Personally, I shoot a Howa 1500 in .308, but I recommend a 6mm Creedmoor for long-range precision rifle shooting.
Why would I shoot a .308 but recommend that you buy a 6mm Creedmoor? Simply put, I shoot what I have… When I first purchased this rifle, it was to hunt big game at medium ranges. I wanted a rifle that could deliver heavy bullets such as 175gr at 100 to 200 yards. Since then, I have become very interested in long-range precision shooting and have adapted my rifle for that purpose.
Suppose you are going to use your rifle for hunting as well as precision shooting. In that case, you might want to look at the table above and carefully choose a bullet that will serve both purposes adequately. For most shooters, the second runner-up that is good enough for hunting will be the .308 Winchester, and this is what I have.
Is the .308 Winchester good for long-range precision shooting?
So I have already established my stance on this matter, but does that mean .308 is bad for long-range shooting? No, the .308 is perfectly fine for long-range shooting. However, the shooter will have to pay more attention to your ballistics because the .308 will be more affected by gravity and wind.
Some of the benefits of buying a .308 are that you will find ammunition a lot easier. In some places, it might even be a lot cheaper simply because it is such a commonly available round. And for most people, .308 will be the obvious choice because they already own a rifle in that caliber.
Is the 6mm Creedmoor a suitable cartridge for long-range precision shooting?
The 6mm Creedmoor has superior ballistics, less bullet drop, and less wind drift. What’s not to like? Simply put, the 6mm Creedmoor is one of the best options available today. However, some areas of the world might have an inconsistent supply which is something to consider. Another thing to consider (if you intend on hunting with your precision rifle) is that the 6mm might not be heavy enough to take down large animals, especially at a distance. For this reason, many opt for the 6.5 Creedmoor that has similar ballistic characteristics but packs a bit more of a punch in terms of bullet weight.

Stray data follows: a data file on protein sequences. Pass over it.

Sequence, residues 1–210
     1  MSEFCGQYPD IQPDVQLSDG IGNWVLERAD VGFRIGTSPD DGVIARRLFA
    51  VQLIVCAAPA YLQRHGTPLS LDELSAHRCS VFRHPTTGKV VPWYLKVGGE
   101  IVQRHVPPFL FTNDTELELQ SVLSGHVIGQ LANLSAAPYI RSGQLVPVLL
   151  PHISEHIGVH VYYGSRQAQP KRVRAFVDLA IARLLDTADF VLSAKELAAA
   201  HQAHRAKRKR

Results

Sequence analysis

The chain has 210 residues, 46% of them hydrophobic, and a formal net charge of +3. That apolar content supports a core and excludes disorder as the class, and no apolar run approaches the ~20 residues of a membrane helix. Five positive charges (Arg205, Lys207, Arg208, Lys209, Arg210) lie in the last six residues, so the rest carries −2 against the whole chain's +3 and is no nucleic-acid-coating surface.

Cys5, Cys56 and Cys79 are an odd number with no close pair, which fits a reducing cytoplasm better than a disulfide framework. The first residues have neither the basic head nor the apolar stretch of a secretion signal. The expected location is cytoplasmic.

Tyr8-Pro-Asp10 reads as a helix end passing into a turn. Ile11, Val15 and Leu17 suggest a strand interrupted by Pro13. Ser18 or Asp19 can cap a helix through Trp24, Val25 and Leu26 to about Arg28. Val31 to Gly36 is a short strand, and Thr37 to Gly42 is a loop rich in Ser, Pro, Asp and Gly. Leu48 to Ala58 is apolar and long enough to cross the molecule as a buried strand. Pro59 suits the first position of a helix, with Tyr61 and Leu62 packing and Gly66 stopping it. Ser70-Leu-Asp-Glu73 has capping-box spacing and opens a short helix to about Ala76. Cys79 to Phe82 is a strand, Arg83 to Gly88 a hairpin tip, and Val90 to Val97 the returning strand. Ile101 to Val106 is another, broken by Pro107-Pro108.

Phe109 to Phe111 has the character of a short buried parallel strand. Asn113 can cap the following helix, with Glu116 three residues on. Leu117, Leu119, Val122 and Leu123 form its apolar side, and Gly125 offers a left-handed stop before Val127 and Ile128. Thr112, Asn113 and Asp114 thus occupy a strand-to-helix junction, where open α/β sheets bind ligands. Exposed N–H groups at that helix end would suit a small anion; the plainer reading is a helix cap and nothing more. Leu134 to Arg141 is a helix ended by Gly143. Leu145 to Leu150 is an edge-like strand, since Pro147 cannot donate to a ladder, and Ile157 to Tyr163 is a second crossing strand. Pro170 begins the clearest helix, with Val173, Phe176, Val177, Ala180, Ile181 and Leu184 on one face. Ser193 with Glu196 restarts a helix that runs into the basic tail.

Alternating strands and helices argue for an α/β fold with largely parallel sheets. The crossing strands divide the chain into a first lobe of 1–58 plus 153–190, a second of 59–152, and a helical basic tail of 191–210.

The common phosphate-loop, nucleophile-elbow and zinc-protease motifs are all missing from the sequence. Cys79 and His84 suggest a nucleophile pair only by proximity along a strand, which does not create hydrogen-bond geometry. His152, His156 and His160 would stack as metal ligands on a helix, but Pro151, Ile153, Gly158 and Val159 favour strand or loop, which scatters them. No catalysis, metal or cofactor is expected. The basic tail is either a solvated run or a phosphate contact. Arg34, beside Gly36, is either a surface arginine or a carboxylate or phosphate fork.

Whatever your caliber, you will only be able to shoot as accurately as your riflescope allows, which brings me to my next point.
Are Howa rifles free floated?
A free-floated barrel is essential for long-range precision shooting. Any object touching the barrel when firing the rifle can change the harmonics of the rifle and subsequently change the point of impact, adversely affecting the rifle’s accuracy.
Howa rifles are not free floated out of the box, and you will need to change the Hogue stock to a stock or chassis system that is free-floated, such as the Howa Oryx Chassis.
How to set up a Howa 1500 for long-range precision shooting?
Now that you have chosen a Howa with a barrel and caliber best suited for long-range precision shooting, you need to set it up with a rifle scope, scope rings, scope base, bipod, and stock or chassis.
To set up your Howa 1500 rifle for long range precision shooting, your rifle scope is going to be the most important decision to make. A good rifle scope is the bread and butter of long-range shooting. You also need to ensure the scope is attached correctly with a good quality scope base and scope rings.
The following vital aspect to consider is your rifle stock. If your rifle came with a standard stock, like the Hogue, for example, then you will need to upgrade it to something designed for long-range precision work. The most important feature to keep in mind when selecting a new stock or chassis is whether or not it will allow the barrel to be free floated. This means that no part of the chassis should make contact with your barrel at all.
A stock or chassis that is adjustable to your body features is going to be beneficial too. This will allow you to adjust the cheek height and the length of pull. The “length of pull” is the distance from the butt of the stock to the rifle’s action. A good cheek height and length of pull allow you to get a good sight picture through the scope without straining to hold your head in a specific position.
Other upgrades to keep in mind are bipods, bolt handles, scope levels, muzzle brakes, and suppressors. Which I will discuss briefly in this article.
What is the best rifle scope for long-range precision rifle shooting?